• Slow learners get extra attention
  • Difficulty levels can be changed
  • Reduces teacher intervention (saves time)

However, with e-learning systems, this has become easier to implement. Students can now choose between ‘difficulty levels’ based on their ability to learn, with choices ranging from easy to hard. More advanced types of e-learning systems are able to accurately identify the exact weaknesses of each student and tailor questions, quizzes, and content to fill in those holes.

The benefits of such a system are self-evident: it makes sure that students are not being unfairly pressured into learning at a rate they are not comfortable with, and neither are prodigious students being held back because the teacher has to carry the entire class along. 

At the same time, developing systems that can offer unique and personalized experiences is a difficult task for software engineers.

6. Linear E-Learning

Linear E-Learning

There is no point in studying advanced electrical networks without knowing anything about the underlying mathematics and differential equations, is there? Yet, many people, when they get enrolled in e-learning courses, make the mistake of skipping over parts that seem boring, tedious, or downright uninteresting.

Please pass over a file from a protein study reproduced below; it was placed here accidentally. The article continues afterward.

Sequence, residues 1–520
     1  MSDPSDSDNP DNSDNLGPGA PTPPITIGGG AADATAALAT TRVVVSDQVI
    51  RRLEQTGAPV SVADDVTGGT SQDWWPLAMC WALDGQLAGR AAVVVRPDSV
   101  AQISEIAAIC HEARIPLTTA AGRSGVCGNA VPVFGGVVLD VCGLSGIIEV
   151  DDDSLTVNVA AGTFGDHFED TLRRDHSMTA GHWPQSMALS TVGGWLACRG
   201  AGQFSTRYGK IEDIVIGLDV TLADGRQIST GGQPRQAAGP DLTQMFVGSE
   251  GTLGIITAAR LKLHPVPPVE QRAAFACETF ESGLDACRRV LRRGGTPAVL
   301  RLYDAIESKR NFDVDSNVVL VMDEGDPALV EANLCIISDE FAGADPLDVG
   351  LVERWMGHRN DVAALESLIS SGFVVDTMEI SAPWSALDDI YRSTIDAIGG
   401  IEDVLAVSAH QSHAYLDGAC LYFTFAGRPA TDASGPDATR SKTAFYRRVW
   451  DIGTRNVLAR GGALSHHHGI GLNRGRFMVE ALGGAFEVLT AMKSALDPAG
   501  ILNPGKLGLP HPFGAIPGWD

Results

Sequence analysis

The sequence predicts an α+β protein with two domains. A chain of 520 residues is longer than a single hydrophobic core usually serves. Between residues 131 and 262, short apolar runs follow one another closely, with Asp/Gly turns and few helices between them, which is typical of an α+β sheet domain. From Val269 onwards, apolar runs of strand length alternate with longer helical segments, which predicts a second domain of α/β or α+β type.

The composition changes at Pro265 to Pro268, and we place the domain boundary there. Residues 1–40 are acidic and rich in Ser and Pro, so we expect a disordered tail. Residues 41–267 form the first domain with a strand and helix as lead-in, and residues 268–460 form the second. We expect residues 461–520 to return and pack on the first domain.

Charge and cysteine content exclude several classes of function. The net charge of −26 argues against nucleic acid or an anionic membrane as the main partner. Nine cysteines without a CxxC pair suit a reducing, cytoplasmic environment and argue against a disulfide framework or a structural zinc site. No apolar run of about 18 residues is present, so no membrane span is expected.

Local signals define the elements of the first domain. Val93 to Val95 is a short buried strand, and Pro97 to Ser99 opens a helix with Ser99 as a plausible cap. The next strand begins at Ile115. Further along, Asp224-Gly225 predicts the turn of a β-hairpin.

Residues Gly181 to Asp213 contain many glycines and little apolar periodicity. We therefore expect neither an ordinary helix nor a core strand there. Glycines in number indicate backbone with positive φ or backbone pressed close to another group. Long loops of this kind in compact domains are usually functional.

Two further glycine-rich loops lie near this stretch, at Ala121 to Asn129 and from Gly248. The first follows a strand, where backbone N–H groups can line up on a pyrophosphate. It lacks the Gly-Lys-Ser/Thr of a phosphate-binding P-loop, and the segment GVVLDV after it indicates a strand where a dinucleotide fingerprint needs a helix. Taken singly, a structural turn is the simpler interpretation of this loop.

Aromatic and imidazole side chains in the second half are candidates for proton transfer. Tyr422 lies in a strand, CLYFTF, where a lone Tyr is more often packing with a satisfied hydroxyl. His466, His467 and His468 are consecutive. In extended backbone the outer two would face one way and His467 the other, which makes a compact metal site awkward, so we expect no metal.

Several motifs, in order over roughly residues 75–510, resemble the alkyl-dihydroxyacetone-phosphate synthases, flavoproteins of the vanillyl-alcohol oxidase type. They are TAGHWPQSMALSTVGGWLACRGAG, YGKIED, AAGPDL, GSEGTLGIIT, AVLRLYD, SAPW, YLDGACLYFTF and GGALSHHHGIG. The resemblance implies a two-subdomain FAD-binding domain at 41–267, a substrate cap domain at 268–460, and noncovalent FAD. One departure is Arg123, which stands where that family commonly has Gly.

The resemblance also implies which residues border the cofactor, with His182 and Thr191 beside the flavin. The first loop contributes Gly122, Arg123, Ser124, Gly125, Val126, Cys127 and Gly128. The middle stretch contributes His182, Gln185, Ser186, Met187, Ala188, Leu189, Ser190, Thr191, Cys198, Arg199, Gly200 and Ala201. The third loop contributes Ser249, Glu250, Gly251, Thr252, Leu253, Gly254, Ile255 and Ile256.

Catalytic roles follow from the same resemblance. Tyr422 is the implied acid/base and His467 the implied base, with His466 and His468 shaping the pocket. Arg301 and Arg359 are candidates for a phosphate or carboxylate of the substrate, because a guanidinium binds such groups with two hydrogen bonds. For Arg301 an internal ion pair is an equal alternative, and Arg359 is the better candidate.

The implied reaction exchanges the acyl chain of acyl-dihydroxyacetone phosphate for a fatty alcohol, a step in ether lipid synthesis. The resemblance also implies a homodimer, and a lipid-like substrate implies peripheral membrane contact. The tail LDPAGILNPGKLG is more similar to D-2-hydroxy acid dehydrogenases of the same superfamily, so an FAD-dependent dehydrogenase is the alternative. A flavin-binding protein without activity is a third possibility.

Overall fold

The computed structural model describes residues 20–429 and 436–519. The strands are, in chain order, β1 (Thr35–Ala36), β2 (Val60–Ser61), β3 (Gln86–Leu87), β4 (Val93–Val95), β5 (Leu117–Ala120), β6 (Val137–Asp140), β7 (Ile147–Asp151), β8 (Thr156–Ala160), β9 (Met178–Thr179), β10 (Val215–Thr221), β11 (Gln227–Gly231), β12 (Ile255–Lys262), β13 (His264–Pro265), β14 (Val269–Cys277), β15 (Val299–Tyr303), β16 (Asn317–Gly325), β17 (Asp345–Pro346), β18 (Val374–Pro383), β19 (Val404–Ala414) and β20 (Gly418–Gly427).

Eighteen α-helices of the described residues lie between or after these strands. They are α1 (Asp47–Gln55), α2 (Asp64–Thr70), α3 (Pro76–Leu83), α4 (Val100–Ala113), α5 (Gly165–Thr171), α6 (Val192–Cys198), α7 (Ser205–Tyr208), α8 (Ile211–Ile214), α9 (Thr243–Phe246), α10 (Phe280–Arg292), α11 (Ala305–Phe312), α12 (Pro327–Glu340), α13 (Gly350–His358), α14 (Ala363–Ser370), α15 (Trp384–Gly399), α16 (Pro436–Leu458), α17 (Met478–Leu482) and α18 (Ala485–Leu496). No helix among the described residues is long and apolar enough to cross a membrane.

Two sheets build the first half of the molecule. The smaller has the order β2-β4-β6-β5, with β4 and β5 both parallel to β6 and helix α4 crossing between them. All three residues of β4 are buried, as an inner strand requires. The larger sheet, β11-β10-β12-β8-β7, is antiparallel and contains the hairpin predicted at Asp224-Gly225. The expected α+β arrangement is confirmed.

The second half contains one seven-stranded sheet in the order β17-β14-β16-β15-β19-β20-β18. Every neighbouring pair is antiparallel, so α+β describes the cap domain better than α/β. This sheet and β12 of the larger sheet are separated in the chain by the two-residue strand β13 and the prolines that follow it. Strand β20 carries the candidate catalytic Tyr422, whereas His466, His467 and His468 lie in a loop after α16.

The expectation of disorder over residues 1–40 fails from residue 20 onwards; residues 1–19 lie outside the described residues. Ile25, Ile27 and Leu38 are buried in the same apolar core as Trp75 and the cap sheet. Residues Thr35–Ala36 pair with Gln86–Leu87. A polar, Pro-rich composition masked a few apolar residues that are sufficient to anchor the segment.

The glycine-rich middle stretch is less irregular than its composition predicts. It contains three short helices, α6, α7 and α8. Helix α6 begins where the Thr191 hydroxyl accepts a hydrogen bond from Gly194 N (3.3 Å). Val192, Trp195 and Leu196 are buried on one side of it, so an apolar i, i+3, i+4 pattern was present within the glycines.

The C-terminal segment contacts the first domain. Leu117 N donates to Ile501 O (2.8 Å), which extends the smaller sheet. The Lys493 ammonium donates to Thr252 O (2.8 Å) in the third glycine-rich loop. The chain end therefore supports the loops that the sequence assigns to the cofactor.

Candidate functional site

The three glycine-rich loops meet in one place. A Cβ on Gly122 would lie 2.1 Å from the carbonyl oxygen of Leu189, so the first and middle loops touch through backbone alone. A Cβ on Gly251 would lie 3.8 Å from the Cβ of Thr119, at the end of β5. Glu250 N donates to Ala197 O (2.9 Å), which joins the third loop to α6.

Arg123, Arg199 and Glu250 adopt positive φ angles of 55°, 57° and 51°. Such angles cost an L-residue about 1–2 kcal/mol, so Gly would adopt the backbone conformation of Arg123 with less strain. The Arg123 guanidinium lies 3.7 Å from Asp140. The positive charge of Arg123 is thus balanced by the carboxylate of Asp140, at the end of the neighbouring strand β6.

‘Linear’ e-learning, on the other hand, structures the content in a concise, organized, and step-by-step manner, starting with the foundational topics before moving on to more advanced concepts.

  • Starts from foundations
  • Ideal for beginners
  • Long-form documentaries can be made
  • Organized content

The biggest feature is that it does not allow participants to skip through any material. Think of an educational program on the television or radio – you cannot interact with it in any way, fast-forward it, or skip anything. You have to watch the entire thing.

This method of learning is particularly useful when an e-learning course is targeted towards complete beginners because it makes sure they spend the necessary time going through the foundations. 

On the other hand, you would never want to structure a course in a linear manner if you know that its audience will consist of more experienced individuals who would just want to study a particular topic.

7. Fixed E-Learning

Fixed E-Learning

You can think of fixed learning as when traditionally a teacher prepares a lesson and teaches all the students exactly the same thing, in the same manner, and at the same pace. In short, the content is fixed. This is the other extreme of adaptive learning, in which the content molds itself to suit the needs of each student.